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ProMetic, Instituto de Tecnologia do Parana (Tecpar), Genetic Technologies, UTEK, International Stem Cell, University of California

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ProMetic Signs $19M Tech Transfer and Licensing Deal with Brazilian Institute
 
ProMetic Life Sciences last week announced that it has signed a $19 million technology transfer and licensing agreement with the Instituto de Tecnologia do Parana (Tecpar) of Brazil to locally manufacture a biopharmaceutical product for the Brazilian domestic market and for other South American countries.
 
ProMetic will manage the development of a proprietary manufacturing process based on technology from the Biotechnology Research Institute, part of the National Research Council of Canada, and ProMetic’s own bioseparation process, which uses Mimetic Ligand technology.
 
As part of the agreement, ProMetic has granted to Tecpar an exclusive license to use the technology for a selected undisclosed biopharmaceutical product for the South American market.
 
ProMetic said that a global budget of $19 million has been earmarked for the project over the next two years, with approximately $9 million allocated to ProMetic for license, milestone, and development payments. Another $10 million will be allocated for the modification of Tecpar’s current facility, the acquisition of dedicated equipment, and the validation process. Tecpar will purchase affinity adsorbents from ProMetic and will pay a royalty on net sales.

 
Genetic Technologies Hires UTEK to Acquire Non-Coding DNA-Analysis Tech
 
UTEK will help Genetic Technologies identify genetic-analysis technology from US research groups that GT would use in its genetic-testing business in Australia, GT said last week.
 
Under the agreement, UTEK, a Tampa, Fla.-based specialty finance company focused on technology-transfer deals, will help GT acquire non-coding DNA-analysis technologies from universities or lab research centers.
 
GT said it will use the technologies in analytical tests that will be offered to customers in the Asia Pacific region.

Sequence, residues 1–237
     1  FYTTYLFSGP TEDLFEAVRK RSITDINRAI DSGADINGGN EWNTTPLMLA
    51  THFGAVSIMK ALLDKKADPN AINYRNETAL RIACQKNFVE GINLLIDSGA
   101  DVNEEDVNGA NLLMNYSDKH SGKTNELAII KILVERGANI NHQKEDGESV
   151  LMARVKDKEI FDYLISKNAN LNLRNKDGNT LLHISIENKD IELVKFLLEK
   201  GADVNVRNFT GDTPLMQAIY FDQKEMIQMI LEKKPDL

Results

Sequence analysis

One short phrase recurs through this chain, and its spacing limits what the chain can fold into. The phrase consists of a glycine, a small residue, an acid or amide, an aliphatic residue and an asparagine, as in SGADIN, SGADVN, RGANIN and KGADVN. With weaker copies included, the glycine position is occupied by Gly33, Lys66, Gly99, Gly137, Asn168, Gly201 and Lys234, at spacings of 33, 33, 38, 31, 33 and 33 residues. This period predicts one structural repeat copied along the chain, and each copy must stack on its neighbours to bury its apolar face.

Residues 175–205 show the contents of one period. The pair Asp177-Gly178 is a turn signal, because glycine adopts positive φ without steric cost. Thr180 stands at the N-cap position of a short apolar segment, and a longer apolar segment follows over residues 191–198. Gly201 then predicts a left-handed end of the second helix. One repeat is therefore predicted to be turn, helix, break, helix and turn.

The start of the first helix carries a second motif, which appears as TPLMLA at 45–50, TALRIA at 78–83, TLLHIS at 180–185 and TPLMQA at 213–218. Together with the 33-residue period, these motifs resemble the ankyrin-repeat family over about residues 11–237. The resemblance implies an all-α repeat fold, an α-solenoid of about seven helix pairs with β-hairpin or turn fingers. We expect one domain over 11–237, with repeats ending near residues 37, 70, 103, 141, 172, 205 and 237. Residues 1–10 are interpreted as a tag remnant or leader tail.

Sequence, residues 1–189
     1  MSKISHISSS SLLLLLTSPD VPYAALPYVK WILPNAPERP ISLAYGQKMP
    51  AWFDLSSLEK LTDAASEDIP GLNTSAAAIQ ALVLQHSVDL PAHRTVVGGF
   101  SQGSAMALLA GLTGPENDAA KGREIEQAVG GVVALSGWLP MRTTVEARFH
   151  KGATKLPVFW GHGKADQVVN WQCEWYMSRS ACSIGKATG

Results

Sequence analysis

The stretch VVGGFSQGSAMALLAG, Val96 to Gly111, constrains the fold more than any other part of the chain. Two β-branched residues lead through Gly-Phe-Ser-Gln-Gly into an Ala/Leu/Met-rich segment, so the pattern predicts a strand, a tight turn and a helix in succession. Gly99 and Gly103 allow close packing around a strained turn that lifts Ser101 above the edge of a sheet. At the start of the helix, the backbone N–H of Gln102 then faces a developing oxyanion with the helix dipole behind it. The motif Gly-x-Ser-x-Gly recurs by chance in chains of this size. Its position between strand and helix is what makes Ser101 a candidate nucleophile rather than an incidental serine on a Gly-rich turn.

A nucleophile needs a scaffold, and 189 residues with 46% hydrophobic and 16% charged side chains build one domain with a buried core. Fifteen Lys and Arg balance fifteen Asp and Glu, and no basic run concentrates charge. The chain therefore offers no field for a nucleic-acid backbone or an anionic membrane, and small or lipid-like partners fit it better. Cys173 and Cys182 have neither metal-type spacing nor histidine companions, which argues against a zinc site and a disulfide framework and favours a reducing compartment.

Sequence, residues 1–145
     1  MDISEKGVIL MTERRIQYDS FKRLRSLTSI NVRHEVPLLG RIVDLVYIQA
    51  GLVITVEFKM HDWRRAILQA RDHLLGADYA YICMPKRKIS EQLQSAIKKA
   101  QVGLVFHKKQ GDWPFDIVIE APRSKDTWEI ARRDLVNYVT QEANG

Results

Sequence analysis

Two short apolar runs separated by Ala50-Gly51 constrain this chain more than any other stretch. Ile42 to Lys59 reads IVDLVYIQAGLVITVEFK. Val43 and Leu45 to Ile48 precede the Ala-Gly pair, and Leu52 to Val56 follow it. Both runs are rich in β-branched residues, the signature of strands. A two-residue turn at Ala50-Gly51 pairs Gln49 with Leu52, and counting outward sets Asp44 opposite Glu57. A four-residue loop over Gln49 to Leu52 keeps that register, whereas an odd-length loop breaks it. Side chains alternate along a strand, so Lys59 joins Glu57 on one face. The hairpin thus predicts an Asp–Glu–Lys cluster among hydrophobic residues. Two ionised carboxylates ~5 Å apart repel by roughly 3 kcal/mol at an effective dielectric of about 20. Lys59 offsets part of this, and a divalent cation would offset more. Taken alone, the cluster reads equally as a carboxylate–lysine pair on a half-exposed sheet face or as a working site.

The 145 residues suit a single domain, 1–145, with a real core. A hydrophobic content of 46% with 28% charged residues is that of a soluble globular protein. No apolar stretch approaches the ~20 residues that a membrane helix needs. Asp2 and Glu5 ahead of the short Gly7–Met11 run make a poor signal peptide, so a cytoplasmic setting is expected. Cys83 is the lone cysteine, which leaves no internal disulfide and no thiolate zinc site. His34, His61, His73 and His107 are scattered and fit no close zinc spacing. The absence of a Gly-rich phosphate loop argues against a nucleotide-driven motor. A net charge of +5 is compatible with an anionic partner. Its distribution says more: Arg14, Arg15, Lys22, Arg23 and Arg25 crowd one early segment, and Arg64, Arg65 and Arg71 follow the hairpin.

Financial terms of the deal were not disclosed.
 

 
ISC Subsidiary to Research Stem Cell Therapies for Eye Disease with University of California
 
International Stem Cell said last week that its subsidiary, Lifeline Cell Technology, has entered into a research agreement with the University of California for three studies involving the use of stem cell therapies in eye diseases.
 
The project is entitled “Characterization of New Human Embryonic Stem Cell Lines and the Differentiation into Retinal Progenitor Cells,” and will be under the direction of Hans Keirstead, a professor at the Reeve-Irvin Research Center at UC-Irvine.
 
The research project will include three specific components, ISC said. The first two components will study Lifeline’s proprietary stem cell lines and how they compare to traditionally derived human embryonic stem cells.
 
The third project will involve differentiating Lifeline’s cell lines into retinal cells and testing them in animal models.
 
Financial details of the research agreement were not disclosed.

The Scan

Pig Organ Transplants Considered

The Wall Street Journal reports that the US Food and Drug Administration may soon allow clinical trials that involve transplanting pig organs into humans.

'Poo-Bank' Proposal

Harvard Medical School researchers suggest people should bank stool samples when they are young to transplant when they later develop age-related diseases.

Spurred to Develop Again

New Scientist reports that researchers may have uncovered why about 60 percent of in vitro fertilization embryos stop developing.

Science Papers Examine Breast Milk Cell Populations, Cerebral Cortex Cellular Diversity, Micronesia Population History

In Science this week: unique cell populations found within breast milk, 100 transcriptionally distinct cell populations uncovered in the cerebral cortex, and more.